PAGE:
I have been told I have the "Epstein-Barr virus" and I do feel a loss of energy generally. I am very physically active in my job throughout the day. Can you advise me of any vitamins or supplements that may help increase my energy? I've been told ginseng works well. Goldenseal too. I have also been told that bee pollen is helpful but can be canceled out when used with ginseng. Any advice?

ADAM McCAULEY
Ann Arbor, MI

Dear Adam,

Before turning to herbal remedies which could, in fact, improve your energy but have varying amounts of active ingredients, I suggest you consult your physician for a full medical evaluation. The fatigue may be from something other than Epstein-Barr virus. Recurrence of this virus is possible but problematic. This is a difficult diagnosis to make and is too often used as a blanket term to cover fatigue in someone who has had mononucleosis or other afflictions in the past. See your physician.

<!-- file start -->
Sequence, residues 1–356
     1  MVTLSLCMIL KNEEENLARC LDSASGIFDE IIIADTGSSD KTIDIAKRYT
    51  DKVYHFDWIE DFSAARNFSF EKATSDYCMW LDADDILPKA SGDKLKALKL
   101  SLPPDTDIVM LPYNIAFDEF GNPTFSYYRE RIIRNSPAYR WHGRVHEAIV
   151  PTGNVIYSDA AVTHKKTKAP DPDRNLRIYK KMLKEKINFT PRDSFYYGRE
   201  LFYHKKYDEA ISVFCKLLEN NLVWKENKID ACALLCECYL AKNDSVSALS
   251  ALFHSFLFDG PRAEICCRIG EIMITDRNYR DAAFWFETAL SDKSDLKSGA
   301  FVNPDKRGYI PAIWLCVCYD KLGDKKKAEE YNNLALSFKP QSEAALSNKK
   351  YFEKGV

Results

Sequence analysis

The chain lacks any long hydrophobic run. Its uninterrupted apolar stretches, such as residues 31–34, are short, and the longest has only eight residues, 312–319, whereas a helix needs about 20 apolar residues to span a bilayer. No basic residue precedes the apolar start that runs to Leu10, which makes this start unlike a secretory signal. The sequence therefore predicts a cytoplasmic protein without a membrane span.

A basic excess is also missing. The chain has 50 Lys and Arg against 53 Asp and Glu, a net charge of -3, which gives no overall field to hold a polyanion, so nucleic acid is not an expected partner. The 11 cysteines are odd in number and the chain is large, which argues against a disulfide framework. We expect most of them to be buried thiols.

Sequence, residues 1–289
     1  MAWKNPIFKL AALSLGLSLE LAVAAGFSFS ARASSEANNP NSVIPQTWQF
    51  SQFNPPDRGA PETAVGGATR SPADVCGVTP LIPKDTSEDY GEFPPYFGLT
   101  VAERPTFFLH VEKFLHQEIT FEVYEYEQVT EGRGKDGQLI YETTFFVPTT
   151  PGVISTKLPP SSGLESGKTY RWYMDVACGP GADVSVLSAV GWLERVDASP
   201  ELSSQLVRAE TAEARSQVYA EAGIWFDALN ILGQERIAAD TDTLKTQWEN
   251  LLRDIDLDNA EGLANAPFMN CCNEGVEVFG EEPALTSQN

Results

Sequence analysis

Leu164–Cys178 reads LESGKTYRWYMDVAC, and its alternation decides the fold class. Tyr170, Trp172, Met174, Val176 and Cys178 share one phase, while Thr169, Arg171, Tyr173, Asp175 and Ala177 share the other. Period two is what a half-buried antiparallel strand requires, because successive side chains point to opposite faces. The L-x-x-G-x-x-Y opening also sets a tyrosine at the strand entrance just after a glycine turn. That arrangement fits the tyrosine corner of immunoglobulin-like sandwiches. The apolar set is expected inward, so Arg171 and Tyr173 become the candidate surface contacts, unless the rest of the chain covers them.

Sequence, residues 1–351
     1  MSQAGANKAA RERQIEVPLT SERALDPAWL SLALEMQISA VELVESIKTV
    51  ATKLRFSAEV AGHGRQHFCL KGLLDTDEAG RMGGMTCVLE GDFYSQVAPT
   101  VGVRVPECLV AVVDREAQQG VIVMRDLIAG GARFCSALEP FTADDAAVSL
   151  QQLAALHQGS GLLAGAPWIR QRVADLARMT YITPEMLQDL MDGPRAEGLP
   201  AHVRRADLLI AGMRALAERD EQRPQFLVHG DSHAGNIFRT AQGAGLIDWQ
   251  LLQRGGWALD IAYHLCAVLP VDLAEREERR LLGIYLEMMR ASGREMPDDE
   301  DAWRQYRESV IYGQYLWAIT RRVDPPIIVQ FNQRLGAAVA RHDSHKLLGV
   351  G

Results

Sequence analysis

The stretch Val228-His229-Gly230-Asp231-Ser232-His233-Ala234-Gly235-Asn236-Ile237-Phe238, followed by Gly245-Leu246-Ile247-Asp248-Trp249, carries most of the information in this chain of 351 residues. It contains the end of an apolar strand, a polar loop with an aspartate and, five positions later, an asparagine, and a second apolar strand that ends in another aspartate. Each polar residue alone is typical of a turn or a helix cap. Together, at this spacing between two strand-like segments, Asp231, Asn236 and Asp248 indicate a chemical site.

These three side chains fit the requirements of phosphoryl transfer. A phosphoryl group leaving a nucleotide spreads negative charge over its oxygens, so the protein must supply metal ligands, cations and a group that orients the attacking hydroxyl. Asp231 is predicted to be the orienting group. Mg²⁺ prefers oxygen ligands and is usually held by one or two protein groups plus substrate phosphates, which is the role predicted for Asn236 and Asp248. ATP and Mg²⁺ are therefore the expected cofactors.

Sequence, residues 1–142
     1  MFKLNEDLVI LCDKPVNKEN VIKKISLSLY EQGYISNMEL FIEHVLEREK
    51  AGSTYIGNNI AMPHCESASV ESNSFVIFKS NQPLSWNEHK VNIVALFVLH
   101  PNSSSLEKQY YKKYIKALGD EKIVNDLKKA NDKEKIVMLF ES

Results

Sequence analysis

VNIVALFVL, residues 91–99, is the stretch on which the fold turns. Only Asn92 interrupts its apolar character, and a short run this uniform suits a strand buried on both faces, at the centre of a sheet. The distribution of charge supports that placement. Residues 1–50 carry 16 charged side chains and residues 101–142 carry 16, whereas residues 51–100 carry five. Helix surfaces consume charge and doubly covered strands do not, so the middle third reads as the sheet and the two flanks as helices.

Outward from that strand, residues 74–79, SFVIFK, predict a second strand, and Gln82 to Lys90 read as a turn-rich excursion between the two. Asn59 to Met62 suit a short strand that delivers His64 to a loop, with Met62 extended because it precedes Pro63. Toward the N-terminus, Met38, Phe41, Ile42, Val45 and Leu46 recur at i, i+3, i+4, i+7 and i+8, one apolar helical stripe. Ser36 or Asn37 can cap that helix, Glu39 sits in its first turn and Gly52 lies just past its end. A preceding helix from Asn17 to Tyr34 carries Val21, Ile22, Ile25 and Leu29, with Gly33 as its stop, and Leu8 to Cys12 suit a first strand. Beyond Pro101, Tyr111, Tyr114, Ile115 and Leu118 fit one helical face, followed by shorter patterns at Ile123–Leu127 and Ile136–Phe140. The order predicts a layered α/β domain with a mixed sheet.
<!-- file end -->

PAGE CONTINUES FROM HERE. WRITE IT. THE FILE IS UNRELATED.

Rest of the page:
I recently came across an article in a public space that said, contrary to what we've been taught over the past few decades, that smallpox is actually transmitted via bedbugs, much like yellow fever is transmitted by mosquitoes. According to the article, early in the twentieth century, experiments were done by a physician who did not contract the virus despite his direct contact with patients and the discharge from their pox. Today I did an Internet search and came across similar information, albeit from one site only, about a Dr. Charles Campbell who apparently did similar experiments in Mexico. Do you have any information about this at all?

TIFFANY BUCZEK
Pittsburgh, PA

Dear Tiffany,